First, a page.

The Wisconsin Civil Case Trial by Jury Amendment was a legislatively-referred constitutional amendment on the November 7, 1922 ballot in Wisconsin, where it was defeated.
This amendment modified Article I, Section 5 of the Wisconsin Constitution to allow for there to be jury verdicts decided by a 5/6ths majority in civil cases.
| Question 2|
| Yes|| 171,433|| 52.24%|
Official results via: The Wisconsin Blue Book 1923
Text of measure
The language that appeared on the ballot:
"Shall amendment to section 5 of article I of the constitution (Jt. Res. No. 17, 1921) relating to trial by jury be adopted?"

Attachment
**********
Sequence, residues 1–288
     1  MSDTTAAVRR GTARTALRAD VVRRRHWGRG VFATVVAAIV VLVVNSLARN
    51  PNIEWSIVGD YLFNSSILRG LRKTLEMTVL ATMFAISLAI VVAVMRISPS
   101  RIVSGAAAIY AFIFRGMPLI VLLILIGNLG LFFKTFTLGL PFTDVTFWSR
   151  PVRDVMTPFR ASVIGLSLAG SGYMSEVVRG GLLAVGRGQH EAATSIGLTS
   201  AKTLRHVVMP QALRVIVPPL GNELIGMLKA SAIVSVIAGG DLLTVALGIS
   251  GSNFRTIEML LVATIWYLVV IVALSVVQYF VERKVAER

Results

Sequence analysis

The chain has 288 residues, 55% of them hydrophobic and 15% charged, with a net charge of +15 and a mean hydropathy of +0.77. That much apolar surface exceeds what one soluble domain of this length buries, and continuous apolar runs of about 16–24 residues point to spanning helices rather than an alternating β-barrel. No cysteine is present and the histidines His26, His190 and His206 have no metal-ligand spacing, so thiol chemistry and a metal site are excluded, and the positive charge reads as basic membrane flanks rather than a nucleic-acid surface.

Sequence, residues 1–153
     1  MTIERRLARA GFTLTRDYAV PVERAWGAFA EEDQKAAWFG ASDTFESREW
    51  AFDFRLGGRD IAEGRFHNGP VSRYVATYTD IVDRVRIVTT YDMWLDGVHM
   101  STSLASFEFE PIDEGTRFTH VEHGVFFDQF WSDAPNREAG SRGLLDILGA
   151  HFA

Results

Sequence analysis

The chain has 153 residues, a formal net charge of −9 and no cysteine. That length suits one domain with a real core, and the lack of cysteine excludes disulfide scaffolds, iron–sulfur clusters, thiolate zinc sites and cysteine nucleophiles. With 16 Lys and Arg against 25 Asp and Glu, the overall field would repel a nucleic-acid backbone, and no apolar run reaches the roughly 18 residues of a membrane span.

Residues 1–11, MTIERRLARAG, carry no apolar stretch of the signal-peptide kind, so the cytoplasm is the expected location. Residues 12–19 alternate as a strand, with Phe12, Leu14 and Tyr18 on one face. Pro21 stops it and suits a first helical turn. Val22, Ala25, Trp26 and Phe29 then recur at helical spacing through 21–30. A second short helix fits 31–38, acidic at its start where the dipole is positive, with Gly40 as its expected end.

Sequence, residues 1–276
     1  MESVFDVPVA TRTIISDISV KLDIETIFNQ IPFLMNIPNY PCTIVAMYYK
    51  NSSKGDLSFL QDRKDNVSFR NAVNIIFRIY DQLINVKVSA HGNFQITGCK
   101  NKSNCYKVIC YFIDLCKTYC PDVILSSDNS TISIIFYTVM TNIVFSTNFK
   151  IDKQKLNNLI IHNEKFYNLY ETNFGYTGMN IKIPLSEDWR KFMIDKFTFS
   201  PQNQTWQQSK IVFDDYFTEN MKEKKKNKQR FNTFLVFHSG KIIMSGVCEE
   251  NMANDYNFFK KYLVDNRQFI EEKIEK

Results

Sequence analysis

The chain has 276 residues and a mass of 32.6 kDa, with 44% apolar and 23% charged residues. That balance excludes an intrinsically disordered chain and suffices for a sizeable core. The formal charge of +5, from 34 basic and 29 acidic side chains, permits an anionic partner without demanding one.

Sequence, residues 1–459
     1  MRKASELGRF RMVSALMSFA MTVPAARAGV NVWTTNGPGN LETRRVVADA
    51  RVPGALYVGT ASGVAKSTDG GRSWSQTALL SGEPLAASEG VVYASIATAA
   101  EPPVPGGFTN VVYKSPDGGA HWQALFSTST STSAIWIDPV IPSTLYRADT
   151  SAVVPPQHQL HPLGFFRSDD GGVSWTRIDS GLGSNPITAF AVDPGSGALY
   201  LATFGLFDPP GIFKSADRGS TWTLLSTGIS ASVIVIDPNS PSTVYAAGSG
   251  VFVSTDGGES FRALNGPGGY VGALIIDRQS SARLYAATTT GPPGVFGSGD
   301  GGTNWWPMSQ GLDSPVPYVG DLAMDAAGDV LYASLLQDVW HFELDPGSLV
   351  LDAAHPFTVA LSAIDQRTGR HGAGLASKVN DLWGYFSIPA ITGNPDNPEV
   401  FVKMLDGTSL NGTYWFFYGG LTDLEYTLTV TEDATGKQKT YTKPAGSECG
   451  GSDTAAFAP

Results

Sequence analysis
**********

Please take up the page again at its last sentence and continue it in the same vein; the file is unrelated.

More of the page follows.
Resolved by the Assembly, the Senate concurring, That section 5 of article I of the constitution be amended to read: (Article I) Section 5. The right of trial by jury shall remain inviolate, and shall extend to all cases at law without regard to the amount in controversy; but a jury trial may be waived by the parties in all cases in the manner prescribed by law. Provided, however, that the legislature may, from time to time, by statute provide that a valid verdict, in civil cases, may be based on the votes of a specific number of the jury, not less than five-sixths thereof.
Path to the ballot
- First Legislative Approval: AJR 26 & JR 58 (1919)
- Second Legislative Approval: AJR 14 & JR 17 (1921)
- Submission to the People: Ch.504 (1921)